Every Native American tribe has a different description of wendigo, yet they all share several characteristics. First of all, wendigo are said to be all supernatural, cannibalistic, and terrible creatures. Wendigo are sometimes considered to be non-physical entities. Rather, it is said that they are evil spirits that take possession of people who commit immoral crimes like cannibalism. In some instances, this cryptid takes the form of a physical beast that preys on humans, devours them, and then absorbs their body. On the other hand, the Cree people think that the only ways the spirit of wendigo can enter a person are through biting them or by entering their souls through dreams.

Thousands of reported sightings of wendigos have occurred over the years, despite the fact that there is currently no widely recognised scientific verification of their existence. This helps conjure up a possible appearance for them. They are described as “highly emaciated, humanoid beings” at first, with long limbs, pointed claws, and red eyes that light from within. Their skeletonized, grotesquely thin frames are tightly covered in skin, contributing to their unusual and striking profile. According to certain traditions, their bodies are also covered in scales from reptiles or matted fur.

In addition to its many other supernatural abilities, this cryptid can run at speeds exceeding one hundred miles per hour. Moreover, these animals possess the ability to accurately replicate sounds. With the help of their evil ability, they may entice victims far into the woods or away from other people, making them easy pickings for the wendigo. This cryptid is also frequently linked to an insatiable appetite for human flesh, which stands for unquenchable avarice and the destructive force it delivers.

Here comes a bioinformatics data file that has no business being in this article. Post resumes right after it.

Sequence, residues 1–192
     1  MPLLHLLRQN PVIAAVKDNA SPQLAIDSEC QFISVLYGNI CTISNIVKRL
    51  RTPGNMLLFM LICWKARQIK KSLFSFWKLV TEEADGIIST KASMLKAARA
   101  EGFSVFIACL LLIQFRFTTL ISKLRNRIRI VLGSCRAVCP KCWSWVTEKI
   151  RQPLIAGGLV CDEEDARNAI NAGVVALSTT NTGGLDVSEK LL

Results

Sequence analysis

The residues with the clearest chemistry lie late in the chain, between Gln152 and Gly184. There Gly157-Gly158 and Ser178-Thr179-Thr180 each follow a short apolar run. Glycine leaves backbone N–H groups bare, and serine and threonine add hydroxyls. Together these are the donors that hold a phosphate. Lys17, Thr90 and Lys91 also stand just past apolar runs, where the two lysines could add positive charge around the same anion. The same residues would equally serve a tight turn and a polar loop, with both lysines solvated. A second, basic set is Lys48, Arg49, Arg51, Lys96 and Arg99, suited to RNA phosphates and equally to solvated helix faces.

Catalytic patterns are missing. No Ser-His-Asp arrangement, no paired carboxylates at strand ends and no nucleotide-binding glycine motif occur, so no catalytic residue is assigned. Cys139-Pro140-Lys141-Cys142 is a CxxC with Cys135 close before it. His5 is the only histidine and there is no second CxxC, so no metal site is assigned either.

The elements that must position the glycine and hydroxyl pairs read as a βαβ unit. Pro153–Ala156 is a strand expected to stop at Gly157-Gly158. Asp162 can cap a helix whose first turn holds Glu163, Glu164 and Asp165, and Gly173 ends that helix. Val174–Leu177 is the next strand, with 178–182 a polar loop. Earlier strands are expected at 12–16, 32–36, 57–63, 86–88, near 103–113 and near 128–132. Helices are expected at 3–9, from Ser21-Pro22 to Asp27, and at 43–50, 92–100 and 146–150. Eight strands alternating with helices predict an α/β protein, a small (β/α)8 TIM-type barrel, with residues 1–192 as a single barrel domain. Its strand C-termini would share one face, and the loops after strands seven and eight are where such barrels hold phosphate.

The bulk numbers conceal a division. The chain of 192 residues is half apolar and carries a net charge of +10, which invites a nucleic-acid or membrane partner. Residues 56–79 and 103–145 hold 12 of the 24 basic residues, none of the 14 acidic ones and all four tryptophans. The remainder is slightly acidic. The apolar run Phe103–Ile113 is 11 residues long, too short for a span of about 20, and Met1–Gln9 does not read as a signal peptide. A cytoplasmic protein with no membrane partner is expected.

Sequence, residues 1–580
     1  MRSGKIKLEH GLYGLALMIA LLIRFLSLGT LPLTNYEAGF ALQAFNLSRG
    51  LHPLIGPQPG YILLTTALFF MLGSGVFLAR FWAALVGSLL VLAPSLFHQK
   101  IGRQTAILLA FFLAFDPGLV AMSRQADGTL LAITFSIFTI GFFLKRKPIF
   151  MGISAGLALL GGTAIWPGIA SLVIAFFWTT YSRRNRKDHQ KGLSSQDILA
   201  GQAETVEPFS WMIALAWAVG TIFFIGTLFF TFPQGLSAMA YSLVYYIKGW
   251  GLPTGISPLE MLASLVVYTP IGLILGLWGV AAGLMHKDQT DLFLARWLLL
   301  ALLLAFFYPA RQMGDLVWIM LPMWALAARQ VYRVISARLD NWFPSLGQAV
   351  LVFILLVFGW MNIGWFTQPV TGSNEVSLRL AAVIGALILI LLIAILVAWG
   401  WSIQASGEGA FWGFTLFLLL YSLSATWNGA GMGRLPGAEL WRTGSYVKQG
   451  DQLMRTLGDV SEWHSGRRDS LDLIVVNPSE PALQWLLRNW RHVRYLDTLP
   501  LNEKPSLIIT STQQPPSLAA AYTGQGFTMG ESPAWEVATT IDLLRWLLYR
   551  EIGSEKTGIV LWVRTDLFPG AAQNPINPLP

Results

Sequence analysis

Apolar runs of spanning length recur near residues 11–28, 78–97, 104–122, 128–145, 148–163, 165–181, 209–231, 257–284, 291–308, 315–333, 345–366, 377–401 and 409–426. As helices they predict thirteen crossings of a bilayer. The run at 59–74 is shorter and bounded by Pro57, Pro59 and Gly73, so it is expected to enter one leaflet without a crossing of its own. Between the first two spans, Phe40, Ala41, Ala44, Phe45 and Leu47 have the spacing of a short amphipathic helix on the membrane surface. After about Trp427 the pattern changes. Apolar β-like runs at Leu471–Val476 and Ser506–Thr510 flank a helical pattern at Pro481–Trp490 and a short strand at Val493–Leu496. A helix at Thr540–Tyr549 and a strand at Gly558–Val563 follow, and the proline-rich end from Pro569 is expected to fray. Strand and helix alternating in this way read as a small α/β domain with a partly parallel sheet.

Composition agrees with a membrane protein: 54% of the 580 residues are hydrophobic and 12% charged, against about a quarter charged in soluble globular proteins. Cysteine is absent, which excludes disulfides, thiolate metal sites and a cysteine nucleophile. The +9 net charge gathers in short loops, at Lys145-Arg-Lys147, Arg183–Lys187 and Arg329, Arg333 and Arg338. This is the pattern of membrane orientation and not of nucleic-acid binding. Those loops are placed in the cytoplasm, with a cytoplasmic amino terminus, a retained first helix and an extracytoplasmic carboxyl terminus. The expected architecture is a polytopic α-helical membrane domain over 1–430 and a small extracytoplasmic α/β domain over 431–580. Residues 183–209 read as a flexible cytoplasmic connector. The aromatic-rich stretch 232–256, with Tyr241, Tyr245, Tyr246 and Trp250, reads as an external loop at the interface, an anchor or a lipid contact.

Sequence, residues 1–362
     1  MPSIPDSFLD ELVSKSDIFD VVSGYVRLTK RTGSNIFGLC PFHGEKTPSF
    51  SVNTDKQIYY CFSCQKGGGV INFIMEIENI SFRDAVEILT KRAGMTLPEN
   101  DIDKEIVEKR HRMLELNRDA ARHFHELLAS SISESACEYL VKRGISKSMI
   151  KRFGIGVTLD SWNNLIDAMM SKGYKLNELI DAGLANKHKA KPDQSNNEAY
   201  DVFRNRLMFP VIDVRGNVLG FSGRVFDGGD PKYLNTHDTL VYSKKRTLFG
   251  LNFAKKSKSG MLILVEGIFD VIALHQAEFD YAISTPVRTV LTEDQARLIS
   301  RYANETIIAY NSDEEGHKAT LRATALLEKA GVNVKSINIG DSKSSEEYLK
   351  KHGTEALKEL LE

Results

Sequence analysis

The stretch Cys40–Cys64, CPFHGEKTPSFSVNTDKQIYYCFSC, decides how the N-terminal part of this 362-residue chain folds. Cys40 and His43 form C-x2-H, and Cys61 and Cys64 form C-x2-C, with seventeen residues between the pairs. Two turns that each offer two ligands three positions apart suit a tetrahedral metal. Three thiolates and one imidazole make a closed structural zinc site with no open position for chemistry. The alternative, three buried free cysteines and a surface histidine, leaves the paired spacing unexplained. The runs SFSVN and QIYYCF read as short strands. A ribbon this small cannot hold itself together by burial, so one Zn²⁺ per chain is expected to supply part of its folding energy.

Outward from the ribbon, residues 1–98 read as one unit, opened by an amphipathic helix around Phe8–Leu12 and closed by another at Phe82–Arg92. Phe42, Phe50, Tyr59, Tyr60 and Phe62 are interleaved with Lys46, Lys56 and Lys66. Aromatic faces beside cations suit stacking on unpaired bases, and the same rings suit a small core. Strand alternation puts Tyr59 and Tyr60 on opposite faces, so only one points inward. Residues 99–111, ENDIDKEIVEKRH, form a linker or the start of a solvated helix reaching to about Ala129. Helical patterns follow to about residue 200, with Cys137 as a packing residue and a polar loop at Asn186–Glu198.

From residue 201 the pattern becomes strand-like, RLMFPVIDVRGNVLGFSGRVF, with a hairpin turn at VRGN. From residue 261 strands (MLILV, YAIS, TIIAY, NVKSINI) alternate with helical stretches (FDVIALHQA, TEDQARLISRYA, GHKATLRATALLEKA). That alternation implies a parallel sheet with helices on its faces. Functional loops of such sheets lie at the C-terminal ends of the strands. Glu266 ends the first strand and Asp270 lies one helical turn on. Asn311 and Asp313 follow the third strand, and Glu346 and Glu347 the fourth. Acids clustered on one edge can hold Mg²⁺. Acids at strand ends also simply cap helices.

How to Prevent an Attack by Wendigos

There are several strategies to stay clear of wendigos. The simplest method is to avoid saying any form of its name out loud. Many locals warn against doing so because it could end up giving the cryptid even more strength. Even worse, stories have it that calling its name out puts you at danger of calling it straight to you. Furthermore, you should definitely disregard any voices you hear in the woods at night, regardless of their nature!

The Truth Behind the Folklore

Although we have previously discussed the history of the wendigo, what specifically was the purpose of these plants? It is a well-known fact that many Native American myths and legends attempted to either warn against or discourage particular behaviours, or they served as an explanation for natural phenomena. As a result, it’s conceivable that the wendigo was only invented as a cautionary tale to deter certain actions, such gluttony, cannibalism, and greed. This legend also serves as a warning about the potential karmic consequences of giving in to your primitive desires or even just breaking widely held tribal taboos.

Ultimately, despite the fact that the wendigo is still primarily associated with myth and folklore, people who are drawn to the paranormal are nonetheless fascinated by its unsettling ubiquity in popular culture and Native American customs. But are they just things in our minds? Or are these cryptids really out there, just waiting for the right opportunity to strike?